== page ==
Your doctor may need to adjust your dosage if you have kidney disease.

Be sure to tell your doctor about all medications you take and any health conditions you may have.

Your doctor or another healthcare professional will give you the IV infusion of Rapivab. First, they’ll prepare the liquid solution for infusion by diluting it. You’ll likely go to your doctor’s office, infusion center, or a hospital to receive your infusion. The infusion takes about 15–30 minutes.

If you have questions about how to use Rapivab, talk with your doctor or pharmacist.

Below are some frequently asked questions about Rapivab.

Is the dosage of Rapivab similar to the dosage of Xofluza?

Yes, how often you take Rapivab and Xofluza are the same. You’ll only need one dose of either Rapivab or Xofluza for your influenza infection.

However, Rapivab and Xofluza are available in different forms and are taken or received very differently. Both drugs are used to treat influenza infections. But Rapivab comes as a solution that’s given as an IV infusion. It’s given by a healthcare professional in a hospital or clinic. In comparison, Xofluza is available as a tablet or liquid suspension that’s taken by mouth. You can take your Xofluza at home, so you don’t need to be in a hospital or clinic.

The dose in mg for each drug differs because they have different active ingredients. Your doctor will prescribe the drug and the dosage that’s right for you.

To learn more about how these drugs compare, talk with your doctor.

How long does it take for Rapivab to start working?

Rapivab starts to work as soon as you get your dose of medication. In fact, the drug is at its highest level in your body right after you receive your infusion. But because of how the drug works, you may not feel it working right away. Your doctor will monitor you during treatment to check whether the drug is working to treat your condition.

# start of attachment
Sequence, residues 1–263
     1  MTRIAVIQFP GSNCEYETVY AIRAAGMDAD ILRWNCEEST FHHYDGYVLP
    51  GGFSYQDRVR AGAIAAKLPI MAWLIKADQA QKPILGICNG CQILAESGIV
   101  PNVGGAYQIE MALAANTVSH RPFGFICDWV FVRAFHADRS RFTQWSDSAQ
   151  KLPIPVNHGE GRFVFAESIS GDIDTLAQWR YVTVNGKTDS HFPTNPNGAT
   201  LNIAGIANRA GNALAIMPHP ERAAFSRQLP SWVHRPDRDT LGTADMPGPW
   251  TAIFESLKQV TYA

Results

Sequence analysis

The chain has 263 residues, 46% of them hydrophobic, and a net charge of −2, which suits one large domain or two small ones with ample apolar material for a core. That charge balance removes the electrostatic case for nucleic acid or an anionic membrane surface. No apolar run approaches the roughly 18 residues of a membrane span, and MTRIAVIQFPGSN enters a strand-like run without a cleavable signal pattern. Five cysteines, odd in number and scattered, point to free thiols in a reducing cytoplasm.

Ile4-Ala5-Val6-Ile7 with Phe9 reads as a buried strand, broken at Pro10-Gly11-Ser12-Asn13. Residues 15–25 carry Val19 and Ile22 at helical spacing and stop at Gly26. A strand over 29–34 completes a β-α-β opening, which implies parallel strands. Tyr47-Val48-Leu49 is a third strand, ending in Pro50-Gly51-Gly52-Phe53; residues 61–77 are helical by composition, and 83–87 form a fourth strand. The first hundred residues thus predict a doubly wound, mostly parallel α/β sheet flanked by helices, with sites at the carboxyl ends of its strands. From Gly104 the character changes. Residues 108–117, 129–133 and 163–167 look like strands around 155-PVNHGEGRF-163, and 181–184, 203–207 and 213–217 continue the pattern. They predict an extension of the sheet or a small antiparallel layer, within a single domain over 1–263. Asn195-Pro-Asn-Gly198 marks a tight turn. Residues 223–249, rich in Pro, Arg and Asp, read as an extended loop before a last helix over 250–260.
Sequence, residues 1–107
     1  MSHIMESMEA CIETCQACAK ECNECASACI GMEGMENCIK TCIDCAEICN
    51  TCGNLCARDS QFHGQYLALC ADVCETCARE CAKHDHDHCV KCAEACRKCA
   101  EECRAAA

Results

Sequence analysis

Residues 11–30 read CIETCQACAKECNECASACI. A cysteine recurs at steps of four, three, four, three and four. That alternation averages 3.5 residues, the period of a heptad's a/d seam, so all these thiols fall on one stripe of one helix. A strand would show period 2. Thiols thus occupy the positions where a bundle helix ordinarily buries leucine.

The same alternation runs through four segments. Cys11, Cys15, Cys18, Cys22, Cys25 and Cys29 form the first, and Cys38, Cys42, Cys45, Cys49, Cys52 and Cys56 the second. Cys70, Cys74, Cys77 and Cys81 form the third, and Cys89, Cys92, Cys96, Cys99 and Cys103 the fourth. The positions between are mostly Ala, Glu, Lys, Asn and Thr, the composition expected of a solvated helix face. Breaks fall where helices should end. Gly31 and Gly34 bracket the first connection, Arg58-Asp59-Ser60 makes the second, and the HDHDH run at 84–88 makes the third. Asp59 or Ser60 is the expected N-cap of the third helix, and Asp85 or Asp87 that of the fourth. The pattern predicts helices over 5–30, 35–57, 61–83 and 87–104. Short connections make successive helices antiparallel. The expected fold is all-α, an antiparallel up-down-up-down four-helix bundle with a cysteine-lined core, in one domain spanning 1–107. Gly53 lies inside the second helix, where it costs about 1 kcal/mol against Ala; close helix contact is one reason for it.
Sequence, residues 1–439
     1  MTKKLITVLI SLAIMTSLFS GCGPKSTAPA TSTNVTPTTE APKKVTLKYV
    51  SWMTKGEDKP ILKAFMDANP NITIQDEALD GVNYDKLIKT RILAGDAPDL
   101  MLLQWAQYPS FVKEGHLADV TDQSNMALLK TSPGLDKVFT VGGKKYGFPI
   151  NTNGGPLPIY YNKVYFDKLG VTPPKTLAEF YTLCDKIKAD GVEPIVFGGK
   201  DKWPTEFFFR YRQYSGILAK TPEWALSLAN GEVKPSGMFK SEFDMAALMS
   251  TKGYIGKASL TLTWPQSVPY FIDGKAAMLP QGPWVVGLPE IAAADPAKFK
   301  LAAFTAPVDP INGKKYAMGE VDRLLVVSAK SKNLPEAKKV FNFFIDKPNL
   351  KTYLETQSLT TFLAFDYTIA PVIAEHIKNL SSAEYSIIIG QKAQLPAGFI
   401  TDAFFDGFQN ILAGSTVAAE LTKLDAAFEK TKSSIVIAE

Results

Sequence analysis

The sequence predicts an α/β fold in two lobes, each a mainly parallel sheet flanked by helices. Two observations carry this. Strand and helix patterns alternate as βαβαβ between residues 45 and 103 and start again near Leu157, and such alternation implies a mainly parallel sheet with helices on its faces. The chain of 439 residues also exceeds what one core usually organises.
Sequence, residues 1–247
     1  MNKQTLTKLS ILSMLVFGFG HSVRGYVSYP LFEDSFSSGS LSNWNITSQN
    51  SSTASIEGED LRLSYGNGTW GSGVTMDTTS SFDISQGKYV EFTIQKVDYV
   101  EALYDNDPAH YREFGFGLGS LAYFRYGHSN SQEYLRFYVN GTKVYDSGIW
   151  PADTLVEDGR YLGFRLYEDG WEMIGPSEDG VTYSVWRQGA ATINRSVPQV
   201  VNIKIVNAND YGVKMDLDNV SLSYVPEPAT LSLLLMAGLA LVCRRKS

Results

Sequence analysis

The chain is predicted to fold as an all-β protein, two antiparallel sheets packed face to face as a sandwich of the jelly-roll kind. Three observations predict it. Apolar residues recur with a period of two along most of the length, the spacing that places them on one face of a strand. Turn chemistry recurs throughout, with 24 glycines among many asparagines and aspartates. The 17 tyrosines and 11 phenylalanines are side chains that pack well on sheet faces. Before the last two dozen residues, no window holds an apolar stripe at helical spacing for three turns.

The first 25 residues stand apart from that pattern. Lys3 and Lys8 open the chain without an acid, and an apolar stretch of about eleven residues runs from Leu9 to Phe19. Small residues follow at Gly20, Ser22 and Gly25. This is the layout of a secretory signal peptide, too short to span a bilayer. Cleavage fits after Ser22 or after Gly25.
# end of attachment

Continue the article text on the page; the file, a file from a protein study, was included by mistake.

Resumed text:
Talk with your doctor if you have questions about what to expect with Rapivab treatment.

The dosages in this article are typical dosages provided by the drug’s manufacturer. If your doctor recommends Rapivab for you, they will prescribe the dosage that’s right for you.

Besides learning about dosage, you may want other information about Rapivab. These additional articles might be helpful:

  • More about Rapivab: For information about other aspects of Rapivab, refer to this article.
  • Side effects: To learn about side effects of Rapivab, see the Rapivab prescribing information.

Disclaimer: Medical News Today has made every effort to make certain that all information is factually correct, comprehensive, and up to date. However, this article should not be used as a substitute for the knowledge and expertise of a licensed healthcare professional. You should always consult your doctor or another healthcare professional before taking any medication. The drug information contained herein is subject to change and is not intended to cover all possible uses, directions, precautions, warnings, drug interactions, allergic reactions, or adverse effects. The absence of warnings or other information for a given drug does not indicate that the drug or drug combination is safe, effective, or appropriate for all patients or all specific uses.